Charter Schools Have No Legitimate Claim to Public Funds

Despite the sustained exposure of endless problems in the segregated charter school sector, charter school promoters are permanently stuck in “blindly repeat disinformation” mode and cannot seem to understand what is happening to them. Their social being and social consciousness objectively prevent them from grasping why the public increasingly opposes charter schools.

The most recent and significant epicenter of the charter school saga is Pennsylvania, where all kinds of changes or expected changes are coming to that state’s charter schools. And charter school promoters are not happy. They do not like accountability or the thought of losing billions of dollars in public funds that actually belong to public schools, not charter schools. In this vein, one of charter schools’ favorite victim cards is that they do not get as much money as public schools, that they are in a weak financial position all the time, and supposedly operate at a disadvantage compared to public schools. In other words, charter schools are “performing miracles” with less and should be allowed to continue to siphon public funds from the public purse.

But putting aside their poor record, do charter schools, which rest on the ideologies of individualism, consumerism, and the “free market,” have a valid claim to public funds and public property?

It cannot be stated enough that charter schools are not public schools in any sense of the word. As such, they have no legitimate claim to public funds or public property. Public funds and public property belong only to the public, not someone else. Charter schools do not possess the features of public schools which have been around since the mid-1800s. And the existence of charter schools does not make these core conclusions and principles magically disappear.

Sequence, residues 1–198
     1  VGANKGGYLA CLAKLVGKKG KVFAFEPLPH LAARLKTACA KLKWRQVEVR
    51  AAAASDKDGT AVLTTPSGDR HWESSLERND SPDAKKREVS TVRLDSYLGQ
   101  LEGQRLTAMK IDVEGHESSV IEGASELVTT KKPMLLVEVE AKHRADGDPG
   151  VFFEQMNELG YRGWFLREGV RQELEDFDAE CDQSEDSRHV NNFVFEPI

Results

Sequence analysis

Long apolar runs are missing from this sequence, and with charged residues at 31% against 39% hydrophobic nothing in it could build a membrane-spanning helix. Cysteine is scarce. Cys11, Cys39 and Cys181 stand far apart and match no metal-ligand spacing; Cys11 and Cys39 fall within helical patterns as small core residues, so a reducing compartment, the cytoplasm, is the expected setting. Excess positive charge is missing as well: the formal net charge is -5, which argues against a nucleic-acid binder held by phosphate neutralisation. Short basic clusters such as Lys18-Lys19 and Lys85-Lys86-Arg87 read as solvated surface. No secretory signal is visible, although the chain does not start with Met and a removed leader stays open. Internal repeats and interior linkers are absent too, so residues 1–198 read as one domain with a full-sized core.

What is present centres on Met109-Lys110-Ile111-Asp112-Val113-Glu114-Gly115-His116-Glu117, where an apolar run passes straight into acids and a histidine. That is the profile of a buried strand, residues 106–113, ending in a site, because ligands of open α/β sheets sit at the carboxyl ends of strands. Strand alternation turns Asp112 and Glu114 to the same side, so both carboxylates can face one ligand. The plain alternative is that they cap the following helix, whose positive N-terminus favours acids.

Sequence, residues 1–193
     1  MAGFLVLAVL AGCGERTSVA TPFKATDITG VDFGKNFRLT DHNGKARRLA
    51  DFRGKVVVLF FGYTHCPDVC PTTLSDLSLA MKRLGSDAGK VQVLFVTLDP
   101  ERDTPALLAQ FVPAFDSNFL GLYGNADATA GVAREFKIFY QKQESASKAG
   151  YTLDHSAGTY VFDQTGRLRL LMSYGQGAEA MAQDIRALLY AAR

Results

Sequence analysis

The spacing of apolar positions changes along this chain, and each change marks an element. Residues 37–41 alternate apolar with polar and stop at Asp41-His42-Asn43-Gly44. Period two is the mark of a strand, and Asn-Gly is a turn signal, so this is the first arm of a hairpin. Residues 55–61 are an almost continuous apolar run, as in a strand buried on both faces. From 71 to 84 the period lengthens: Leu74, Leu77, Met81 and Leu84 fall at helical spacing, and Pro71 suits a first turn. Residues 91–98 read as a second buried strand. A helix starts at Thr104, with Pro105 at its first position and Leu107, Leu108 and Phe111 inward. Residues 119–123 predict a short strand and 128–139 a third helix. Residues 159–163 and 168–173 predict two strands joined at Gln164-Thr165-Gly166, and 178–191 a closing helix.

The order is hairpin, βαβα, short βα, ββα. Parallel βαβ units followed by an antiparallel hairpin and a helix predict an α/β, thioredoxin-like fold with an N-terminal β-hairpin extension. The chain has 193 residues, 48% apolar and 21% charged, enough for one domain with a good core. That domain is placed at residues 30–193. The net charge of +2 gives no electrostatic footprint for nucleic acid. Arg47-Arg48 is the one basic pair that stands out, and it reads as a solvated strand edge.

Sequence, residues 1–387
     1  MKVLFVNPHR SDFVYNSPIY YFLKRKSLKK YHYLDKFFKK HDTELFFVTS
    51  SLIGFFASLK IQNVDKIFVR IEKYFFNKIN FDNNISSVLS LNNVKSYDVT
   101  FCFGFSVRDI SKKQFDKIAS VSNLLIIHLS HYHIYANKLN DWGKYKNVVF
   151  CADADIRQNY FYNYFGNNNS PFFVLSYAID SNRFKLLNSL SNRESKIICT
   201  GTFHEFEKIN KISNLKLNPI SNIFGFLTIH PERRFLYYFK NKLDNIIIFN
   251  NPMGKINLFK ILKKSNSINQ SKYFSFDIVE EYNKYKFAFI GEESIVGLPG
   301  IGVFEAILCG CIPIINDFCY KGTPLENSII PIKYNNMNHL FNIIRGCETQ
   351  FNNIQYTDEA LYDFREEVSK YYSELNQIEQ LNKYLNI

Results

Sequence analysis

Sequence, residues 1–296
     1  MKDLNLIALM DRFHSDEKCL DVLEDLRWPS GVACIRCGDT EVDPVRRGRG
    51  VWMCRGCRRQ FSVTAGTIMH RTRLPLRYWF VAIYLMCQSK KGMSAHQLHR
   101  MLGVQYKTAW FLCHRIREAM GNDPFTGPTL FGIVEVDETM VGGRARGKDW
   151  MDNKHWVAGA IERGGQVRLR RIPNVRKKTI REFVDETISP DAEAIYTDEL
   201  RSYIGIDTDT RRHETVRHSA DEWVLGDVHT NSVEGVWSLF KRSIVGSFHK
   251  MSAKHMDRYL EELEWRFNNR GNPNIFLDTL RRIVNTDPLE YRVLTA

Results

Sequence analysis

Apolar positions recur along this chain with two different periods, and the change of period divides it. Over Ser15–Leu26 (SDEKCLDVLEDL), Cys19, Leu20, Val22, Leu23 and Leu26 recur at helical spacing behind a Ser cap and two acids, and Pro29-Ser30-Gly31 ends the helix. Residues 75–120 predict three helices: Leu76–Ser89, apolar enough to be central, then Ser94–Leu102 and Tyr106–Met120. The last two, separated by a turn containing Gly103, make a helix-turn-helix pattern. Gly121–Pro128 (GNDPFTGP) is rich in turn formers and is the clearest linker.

Unlike public schools, charter schools cannot levy taxes. None are run by publicly elected officials. Most are deunionized. All are deregulated. Segregation is widespread due to discriminatory student enrollment practices. Charter schools exclude many students—students that all public schools always accept. Homeless students, English Language Learners, and students with disabilities are consistently under-represented in non-profit and for-profit charter schools. Charter schools also operate on a different calendar than public schools, under-pay teachers, over-pay administrators, and have high student and teacher turnover rates, which is harmful to teaching and learning. It is also hard to form unity, solidarity, and a union when so many teachers come and go so frequently. It also goes without saying that accountability and transparency remain very low, while fraud, corruption, and waste remain at all-time highs in the charter school sector. The crisis-prone charter school sector has harmed education, society, the economy, and the national interest in many ways. Billions of public dollars and public facilities worth millions of dollars have been arbitrarily handed over to charter school owners-operators over the past generation. This public money could have greatly helped the nation’s public schools.

It should also be recalled that many charter schools perform poorly every year and thousands have closed in under 30 years, leaving tens of thousands of families out in the cold. Charter schools have failed an extremely large number of parents, students, teachers, and principals. The numbers are not small. And these numbers will only grow as more charter schools fail and close for poor performance, financial malfeasance, or both.

What is the justification for privatized education arrangements that undermine everything, including themselves? Is it useful to have arrangements that make everyone, except the rich, losers?

Charter schools are one of the many neoliberal phenomena that make the necessity for change that favors the people come to the fore more sharply every day. The necessity for democratic renewal which empowers people to act in their interest is immediate. So long as authority remains in the hands of the rich and their conscious and anticonscious cheerleaders, the public interest, public schools, the economy, and society will continue to suffer. The rich have to be deprived of their ability to deprive everyone of their ability to govern themselves and decide their own affairs. Public funds and public facilities must be restored to a public authority worthy of the name. Keep public assets and wealth out of the hands of privatizers and neoliberals.

Shawgi Tell is author of the book Charter School Report Card. He can be reached at Read other articles by Shawgi.